Corporate Bond Trading on the Rise
Liquidity in the secondary corporate bond market deepened last year and trading momentum has continued in 2017, according to electronic trading platform operator MarketAxess.
Over the past 12 months, the industry’s Trade Reporting and Compliance Engine showed high-grade corporate bond volume jumped 14% year-over-year. The increase was driven by factors such as uncertainty regarding the new US administration, Brexit preparations, and expected rate hikes, according to David Krein, head of research at MarketAxess.
To be sure, the deepening of liquidity applies to the market in broad sense, but liquidity sourcing outside of the most actively traded issues remains a significant challenge for market participants.
The increase in trading volume is up substantially compared to the typical 2 to 4% growth rates leading up to 2016. None of last year’s drivers have disappeared and companies are continuing to take advantage of the low rates by issuing into it, Krein noted.
Krein attributed much of the increase in liquidity to the record levels of new issuance that took place last year.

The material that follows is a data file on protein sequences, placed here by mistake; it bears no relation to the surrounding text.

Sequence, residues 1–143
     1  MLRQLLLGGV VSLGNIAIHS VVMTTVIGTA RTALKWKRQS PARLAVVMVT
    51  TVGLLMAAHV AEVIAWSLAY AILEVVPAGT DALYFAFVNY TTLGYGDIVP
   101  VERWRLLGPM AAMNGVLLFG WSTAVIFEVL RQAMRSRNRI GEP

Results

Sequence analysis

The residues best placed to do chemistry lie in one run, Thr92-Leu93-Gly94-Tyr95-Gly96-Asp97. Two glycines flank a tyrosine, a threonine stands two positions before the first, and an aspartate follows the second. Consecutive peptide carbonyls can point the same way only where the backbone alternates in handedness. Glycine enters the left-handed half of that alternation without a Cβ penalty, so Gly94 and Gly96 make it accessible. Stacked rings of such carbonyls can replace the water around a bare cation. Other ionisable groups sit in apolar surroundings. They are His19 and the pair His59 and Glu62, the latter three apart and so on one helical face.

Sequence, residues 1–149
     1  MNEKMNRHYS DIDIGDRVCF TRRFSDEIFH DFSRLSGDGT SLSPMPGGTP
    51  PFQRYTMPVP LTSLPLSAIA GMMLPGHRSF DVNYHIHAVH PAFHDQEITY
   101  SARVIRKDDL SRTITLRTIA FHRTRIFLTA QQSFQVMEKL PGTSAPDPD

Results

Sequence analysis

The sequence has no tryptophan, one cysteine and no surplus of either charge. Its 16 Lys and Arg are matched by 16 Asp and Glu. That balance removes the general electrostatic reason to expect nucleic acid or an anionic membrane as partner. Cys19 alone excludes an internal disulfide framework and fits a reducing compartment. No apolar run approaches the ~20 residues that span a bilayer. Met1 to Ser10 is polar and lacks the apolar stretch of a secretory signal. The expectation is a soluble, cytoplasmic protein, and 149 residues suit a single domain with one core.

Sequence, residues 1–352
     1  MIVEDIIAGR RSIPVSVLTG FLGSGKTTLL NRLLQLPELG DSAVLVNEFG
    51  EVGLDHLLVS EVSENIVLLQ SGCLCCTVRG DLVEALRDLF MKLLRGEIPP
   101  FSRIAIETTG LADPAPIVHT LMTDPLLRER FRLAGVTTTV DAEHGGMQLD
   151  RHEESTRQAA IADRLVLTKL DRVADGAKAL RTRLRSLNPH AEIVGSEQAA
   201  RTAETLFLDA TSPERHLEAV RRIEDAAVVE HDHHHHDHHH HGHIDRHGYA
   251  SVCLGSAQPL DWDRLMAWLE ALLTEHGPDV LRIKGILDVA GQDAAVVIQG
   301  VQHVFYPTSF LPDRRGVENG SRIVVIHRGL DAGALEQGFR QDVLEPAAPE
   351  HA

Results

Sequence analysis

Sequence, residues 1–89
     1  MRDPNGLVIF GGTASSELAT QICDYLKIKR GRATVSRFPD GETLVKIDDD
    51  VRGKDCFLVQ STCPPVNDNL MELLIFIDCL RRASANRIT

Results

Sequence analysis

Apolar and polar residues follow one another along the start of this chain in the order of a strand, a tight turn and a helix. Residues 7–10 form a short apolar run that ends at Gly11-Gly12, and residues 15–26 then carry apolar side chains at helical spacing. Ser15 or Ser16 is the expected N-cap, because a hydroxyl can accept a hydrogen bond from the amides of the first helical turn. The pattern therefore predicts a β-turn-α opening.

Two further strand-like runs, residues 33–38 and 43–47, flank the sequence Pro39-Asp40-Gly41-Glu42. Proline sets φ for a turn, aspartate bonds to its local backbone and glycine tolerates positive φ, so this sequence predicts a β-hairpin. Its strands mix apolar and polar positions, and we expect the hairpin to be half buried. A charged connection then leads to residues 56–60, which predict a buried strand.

“In 2016 the new issuance market continued its record run of seven years of consecutive growth, with more than $1.5 trillion in new issuance volume,” Krein said. “The first two weeks of 2017 have already been identified as the most active first two weeks of any year.”
The corporate bond market’s increased trading activity on the back of modestly higher volatility are good signs for healthier and more liquid markets, he said. “Going into the election, essentially going into November 2016, the bid-ask spreads and certainly in high grades were the lowest they had been since we started recording in 2008.”
Also contributing to the greater liquidity has been the changing nature of trades that dealers are bringing to the market.
As dealers shy away from shy away from principal risk-taking in favor cheaper-to-transact agency trades, those trades also are narrowing the bid-ask spreads, he said citing daily crossable activity, or the share of the market that is potentially agency trades or non-principal trades.
High grade trades reached highs in daily crossable activity last year, jumping out of their regular range of 40 to 45%.
“In 2016, we estimate the share of Trace that was potentially transacted on an agency basis was 50 to 55%, which is at the high end of its historical range,” said Krein.
Dealers also have increased overall liquidity by expanding the range of Cusips that they are willing to trade. Krein noted that Trace data shows dealers are trading 15,000, and sometimes more than 16,000, Cusips per month, up from about 10,000 in previous months.
With Louise Drummond, Global Head of Investment Execution, Aberdeen Standard Investments
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